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date: 23 August 2019

Abstract and Keywords

The scurrilous, sometimes seditious, nature of verse libel made it immensely popular in Elizabethan England, although, while also restricting it mainly to manuscript circulation. Few examples found their way into print, rendering the genre largely invisible until today. Despite this, verse libel was one of the most pervasive forms of the period, nurtured with imagination and verve by a broad range of poets. Poems were passed—and not necessarily secretively—from one person to the next, they were cast into pulpits and public places, scattered about the streets, posted on walls. Some were even sung to popular tunes, the better to humiliate their victims while also introducing the genre to the illiterate (and thus broadening the public debate contained within them beyond the elite). Libellous verse was part of everyday life decades before scholars have thought; its impact largely unknown today.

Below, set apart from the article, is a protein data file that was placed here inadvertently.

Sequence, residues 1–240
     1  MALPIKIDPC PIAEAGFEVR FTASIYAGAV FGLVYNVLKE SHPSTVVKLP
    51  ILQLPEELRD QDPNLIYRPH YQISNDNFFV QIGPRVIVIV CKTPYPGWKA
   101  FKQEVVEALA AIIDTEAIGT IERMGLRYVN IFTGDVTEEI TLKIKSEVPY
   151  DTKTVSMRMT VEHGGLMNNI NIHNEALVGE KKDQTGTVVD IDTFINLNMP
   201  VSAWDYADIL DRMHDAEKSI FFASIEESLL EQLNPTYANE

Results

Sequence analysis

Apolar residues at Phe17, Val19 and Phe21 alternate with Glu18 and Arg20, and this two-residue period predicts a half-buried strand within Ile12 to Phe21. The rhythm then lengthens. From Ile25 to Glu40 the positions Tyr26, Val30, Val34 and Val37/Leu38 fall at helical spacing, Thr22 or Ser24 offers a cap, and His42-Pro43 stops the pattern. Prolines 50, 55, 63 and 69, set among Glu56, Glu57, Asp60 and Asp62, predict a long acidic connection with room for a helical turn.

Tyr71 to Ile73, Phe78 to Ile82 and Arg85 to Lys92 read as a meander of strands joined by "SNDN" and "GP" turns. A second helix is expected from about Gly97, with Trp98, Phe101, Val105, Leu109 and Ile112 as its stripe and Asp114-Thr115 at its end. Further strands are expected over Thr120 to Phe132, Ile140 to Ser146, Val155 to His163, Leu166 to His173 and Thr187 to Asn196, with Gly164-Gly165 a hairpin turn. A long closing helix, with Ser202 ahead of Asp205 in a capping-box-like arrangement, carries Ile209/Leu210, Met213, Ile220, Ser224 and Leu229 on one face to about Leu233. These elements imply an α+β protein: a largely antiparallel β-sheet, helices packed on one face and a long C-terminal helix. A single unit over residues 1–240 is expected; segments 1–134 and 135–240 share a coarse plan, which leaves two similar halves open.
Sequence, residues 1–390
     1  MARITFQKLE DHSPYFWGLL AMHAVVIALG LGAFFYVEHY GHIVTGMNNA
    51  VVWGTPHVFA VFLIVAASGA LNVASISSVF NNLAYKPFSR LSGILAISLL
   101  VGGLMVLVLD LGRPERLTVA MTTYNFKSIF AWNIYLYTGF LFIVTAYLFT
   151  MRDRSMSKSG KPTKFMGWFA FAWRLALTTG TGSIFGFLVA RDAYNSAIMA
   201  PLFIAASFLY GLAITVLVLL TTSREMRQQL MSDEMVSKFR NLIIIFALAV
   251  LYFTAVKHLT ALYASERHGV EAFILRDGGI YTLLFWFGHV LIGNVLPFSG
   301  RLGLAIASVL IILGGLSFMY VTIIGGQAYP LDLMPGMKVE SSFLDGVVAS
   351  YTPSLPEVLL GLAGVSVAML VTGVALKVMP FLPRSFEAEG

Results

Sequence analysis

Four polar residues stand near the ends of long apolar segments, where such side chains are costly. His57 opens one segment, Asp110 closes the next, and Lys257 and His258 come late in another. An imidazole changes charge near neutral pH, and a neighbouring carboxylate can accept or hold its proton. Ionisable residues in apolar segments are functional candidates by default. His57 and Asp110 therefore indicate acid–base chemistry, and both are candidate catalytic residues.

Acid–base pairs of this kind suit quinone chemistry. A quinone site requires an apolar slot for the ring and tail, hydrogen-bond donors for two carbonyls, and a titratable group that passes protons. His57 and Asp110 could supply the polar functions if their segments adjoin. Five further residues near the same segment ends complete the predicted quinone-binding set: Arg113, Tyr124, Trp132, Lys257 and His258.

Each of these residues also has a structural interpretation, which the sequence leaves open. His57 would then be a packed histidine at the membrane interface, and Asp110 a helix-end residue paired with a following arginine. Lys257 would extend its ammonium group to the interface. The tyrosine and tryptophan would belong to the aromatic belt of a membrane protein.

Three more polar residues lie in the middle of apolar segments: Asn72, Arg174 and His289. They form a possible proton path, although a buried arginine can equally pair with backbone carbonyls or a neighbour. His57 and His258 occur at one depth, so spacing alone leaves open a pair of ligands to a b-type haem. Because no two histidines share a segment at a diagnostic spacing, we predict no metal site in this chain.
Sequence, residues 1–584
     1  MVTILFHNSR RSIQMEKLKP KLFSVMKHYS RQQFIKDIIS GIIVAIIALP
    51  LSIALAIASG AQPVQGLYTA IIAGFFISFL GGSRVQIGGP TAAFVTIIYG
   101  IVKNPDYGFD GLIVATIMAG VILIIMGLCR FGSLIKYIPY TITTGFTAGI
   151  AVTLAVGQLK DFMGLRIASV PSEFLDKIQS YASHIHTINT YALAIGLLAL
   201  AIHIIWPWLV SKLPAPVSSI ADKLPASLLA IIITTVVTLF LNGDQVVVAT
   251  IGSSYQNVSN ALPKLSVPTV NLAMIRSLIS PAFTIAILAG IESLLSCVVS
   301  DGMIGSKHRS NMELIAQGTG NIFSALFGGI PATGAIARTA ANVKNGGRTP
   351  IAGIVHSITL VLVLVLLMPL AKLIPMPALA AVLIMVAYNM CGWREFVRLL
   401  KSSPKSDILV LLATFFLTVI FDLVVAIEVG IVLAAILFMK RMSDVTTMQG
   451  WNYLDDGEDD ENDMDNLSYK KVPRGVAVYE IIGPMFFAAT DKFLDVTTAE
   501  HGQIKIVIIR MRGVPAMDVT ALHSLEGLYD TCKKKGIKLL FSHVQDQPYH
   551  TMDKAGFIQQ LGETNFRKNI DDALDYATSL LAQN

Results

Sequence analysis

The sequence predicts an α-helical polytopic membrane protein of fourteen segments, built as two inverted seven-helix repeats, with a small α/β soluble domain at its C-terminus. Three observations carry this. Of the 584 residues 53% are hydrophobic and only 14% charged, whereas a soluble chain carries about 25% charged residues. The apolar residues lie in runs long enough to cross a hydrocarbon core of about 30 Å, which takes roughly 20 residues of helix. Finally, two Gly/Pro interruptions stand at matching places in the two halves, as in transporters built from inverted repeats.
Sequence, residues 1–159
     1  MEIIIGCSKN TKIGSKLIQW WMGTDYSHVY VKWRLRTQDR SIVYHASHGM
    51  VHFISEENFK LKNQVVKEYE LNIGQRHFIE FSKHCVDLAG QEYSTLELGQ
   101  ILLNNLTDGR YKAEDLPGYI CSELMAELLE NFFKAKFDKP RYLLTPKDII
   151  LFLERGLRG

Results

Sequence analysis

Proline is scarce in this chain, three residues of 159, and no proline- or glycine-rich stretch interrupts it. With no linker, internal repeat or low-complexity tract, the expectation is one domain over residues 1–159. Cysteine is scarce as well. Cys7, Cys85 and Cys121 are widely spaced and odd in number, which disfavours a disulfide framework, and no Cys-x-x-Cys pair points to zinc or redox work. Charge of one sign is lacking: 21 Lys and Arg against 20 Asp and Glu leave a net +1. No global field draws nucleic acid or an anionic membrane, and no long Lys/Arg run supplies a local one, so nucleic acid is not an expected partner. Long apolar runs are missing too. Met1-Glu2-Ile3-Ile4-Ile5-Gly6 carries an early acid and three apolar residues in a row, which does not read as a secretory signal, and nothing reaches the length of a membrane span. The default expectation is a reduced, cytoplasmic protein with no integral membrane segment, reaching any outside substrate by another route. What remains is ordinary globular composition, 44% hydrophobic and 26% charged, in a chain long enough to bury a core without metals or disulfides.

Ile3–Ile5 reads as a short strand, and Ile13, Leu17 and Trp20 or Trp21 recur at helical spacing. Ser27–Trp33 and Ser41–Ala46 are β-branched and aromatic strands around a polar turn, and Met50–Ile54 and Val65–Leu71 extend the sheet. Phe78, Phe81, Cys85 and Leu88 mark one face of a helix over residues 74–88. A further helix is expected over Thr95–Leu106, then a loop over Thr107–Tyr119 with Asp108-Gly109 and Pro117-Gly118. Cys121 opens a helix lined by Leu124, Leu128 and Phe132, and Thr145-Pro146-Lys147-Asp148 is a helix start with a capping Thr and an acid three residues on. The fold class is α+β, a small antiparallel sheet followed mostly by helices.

Keywords: the Court, defamation, the Inns of Court, law, libel, manuscript culture, print culture, the public, recusancy, religion, satire, sedition, the universities, verse, wit

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